Summary: Peter did exactly what he said he would never do, & right then the rooster crowed. Remembering Jesus’ words, Peter ran into the darkness & wept bitterly. He had failed Jesus. This brash & boastful fisherman had failed. (PowerPoints available - #269)
MELVIN NEWLAND, MINISTER
RIDGE CHAPEL, KANSAS, OK
(PowerPoints used with this message are available at no charge. Just email me at firstname.lastname@example.org and request #269.)
A. Have you ever failed at something that meant a lot to you? Have you ever had that sinking sensation in the pit of your stomach that comes when your hopes & expectations are crushed?
Now maybe there is someone here who has never experienced athletic, or academic, or financial, or social, or moral failure, but I doubt it. I’m convinced that virtually everyone has wrestled, or is wrestling, with failure of some kind.
And I think the most difficult failures for us to get over are the ones that take us by surprise, the ones we don't anticipate. They are generally the ones we thought would never happen to us.
ILL That's what makes the Titanic one of the most famous failures in history. The designers & builders were certain the Titanic was one ship that would never sink. It was the largest ship ever built, & its 26,000-ton hull was believed indestructible.
As it was leaving port on its maiden voyage, a passenger, Mrs. Albert Caldwell, asked an employee, "Is this ship really unsinkable?" He answered, "Yes, lady, God Himself could not sink this ship."
No one ever anticipated the nightmare that occurred when, at 2:20 a.m. on April 15, 1912, this unsinkable ship struck an iceberg & sank to the bottom of the North Atlantic, taking over 1,500 people down with it to a watery grave.
As I said, the most difficult failure to deal with is often the one that takes us by surprise, the one we never expected would happen. So when it does, it is easy to feel as if our world is falling apart.
B. An example of that has to be the apostle Peter. In the upper room on the night before His crucifixion, Jesus told the disciples that one of them would betray Him. But Peter boasted, “Lord, even if all fall away…I never will.”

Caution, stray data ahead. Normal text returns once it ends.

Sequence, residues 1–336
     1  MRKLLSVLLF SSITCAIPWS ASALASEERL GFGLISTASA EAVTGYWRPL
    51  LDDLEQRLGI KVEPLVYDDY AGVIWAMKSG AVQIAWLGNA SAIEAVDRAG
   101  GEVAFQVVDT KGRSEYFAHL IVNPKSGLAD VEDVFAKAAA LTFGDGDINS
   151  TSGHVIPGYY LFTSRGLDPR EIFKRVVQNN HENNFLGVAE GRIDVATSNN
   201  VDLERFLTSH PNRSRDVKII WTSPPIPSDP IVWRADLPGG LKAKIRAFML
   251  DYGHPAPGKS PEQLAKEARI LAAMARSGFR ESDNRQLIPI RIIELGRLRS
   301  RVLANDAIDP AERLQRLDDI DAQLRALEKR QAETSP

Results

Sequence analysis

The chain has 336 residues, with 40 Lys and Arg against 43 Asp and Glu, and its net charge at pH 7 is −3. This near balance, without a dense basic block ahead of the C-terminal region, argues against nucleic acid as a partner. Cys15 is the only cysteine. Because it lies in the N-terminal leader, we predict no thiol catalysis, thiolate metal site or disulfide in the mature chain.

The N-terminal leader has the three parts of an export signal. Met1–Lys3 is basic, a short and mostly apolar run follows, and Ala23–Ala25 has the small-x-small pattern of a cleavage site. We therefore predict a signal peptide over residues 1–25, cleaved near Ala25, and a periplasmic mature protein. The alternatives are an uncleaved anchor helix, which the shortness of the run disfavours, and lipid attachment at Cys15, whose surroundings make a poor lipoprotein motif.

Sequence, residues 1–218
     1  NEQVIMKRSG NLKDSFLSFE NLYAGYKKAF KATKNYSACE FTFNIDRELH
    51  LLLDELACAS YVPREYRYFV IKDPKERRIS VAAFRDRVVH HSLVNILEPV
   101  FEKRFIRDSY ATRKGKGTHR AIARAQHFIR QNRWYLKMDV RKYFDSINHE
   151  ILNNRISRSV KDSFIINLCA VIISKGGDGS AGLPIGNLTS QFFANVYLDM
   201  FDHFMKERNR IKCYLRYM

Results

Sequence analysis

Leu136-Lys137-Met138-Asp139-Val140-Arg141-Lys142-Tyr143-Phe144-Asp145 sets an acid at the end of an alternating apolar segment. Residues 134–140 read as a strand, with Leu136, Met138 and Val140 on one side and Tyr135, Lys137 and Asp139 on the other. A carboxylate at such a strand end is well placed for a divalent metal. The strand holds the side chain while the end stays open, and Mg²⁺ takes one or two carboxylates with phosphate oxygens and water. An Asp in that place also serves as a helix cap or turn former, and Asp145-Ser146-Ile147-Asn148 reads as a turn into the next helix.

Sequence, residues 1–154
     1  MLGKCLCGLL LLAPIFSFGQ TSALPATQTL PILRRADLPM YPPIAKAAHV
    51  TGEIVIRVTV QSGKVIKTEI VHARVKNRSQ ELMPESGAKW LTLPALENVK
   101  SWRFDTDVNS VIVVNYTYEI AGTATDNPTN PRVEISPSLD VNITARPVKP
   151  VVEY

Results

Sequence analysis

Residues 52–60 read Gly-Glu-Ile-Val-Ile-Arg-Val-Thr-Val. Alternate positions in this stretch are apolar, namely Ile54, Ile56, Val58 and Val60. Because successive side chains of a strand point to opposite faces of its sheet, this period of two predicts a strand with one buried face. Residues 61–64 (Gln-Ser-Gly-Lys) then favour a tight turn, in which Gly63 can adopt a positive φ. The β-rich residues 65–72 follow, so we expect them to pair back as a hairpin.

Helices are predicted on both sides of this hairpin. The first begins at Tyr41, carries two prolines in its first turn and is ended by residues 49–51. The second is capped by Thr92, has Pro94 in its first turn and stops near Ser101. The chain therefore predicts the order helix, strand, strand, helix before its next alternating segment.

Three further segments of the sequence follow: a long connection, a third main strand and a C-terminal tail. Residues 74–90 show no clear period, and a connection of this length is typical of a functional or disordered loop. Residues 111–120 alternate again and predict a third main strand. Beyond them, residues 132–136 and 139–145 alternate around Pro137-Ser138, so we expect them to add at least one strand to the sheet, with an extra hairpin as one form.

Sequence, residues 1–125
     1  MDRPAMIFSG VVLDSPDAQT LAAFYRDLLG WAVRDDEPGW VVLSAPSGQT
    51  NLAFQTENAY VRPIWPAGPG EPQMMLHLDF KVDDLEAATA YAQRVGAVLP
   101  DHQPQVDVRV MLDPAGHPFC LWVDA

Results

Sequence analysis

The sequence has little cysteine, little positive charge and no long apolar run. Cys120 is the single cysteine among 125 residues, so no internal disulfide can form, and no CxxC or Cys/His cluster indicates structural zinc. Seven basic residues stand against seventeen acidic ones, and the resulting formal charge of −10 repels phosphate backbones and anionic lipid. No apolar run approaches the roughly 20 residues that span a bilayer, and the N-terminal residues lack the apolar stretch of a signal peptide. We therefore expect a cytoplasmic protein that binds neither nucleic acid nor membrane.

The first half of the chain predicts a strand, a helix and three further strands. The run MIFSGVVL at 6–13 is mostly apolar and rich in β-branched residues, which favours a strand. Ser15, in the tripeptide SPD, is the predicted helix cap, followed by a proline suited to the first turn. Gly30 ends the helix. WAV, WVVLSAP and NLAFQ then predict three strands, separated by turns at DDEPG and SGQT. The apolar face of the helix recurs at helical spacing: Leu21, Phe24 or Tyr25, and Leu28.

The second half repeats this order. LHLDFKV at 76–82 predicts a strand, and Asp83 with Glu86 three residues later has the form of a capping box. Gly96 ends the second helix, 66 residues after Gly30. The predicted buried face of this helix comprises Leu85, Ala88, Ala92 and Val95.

'I tell you the truth,' Jesus answered, 'This very night, before the rooster crows, you will disown me three times.' But Peter declared, 'Even if I have to die with you, I will never disown you.' (Matthew 26:33-35)
Well, you know what happened. That night Jesus was betrayed & taken to the house of the High Priest for a series of illegal trials. Peter follows, & soon we see him sitting by a fire in the High Priest’s courtyard.
A serving girl recognizes him & says, "'You also were with Jesus of Galilee.' But he denied it before them all, 'I don't know what you’re talking about,' he said." (Matthew 26:69-70)
Three times Peter is confronted with the accusation, "You were with Jesus. You’re one of His followers!” And 3 times Peter denies knowing who Jesus is.
Peter did exactly what he said he would never do, & right then the rooster crowed. Remembering Jesus’ words, Peter ran out into the darkness & wept bitterly. He had failed Jesus. This brash & boastful fisherman had failed.
Now, let’s fast forward a few weeks to John 21:1-19. By this time Jesus has been resurrected from the dead & Peter has seen Him. But Peter’s failure is still eating him on the inside like an ulcer. No matter how hard he tries to convince himself otherwise, he feels that he has failed & thinks he will never bounce back from that failure.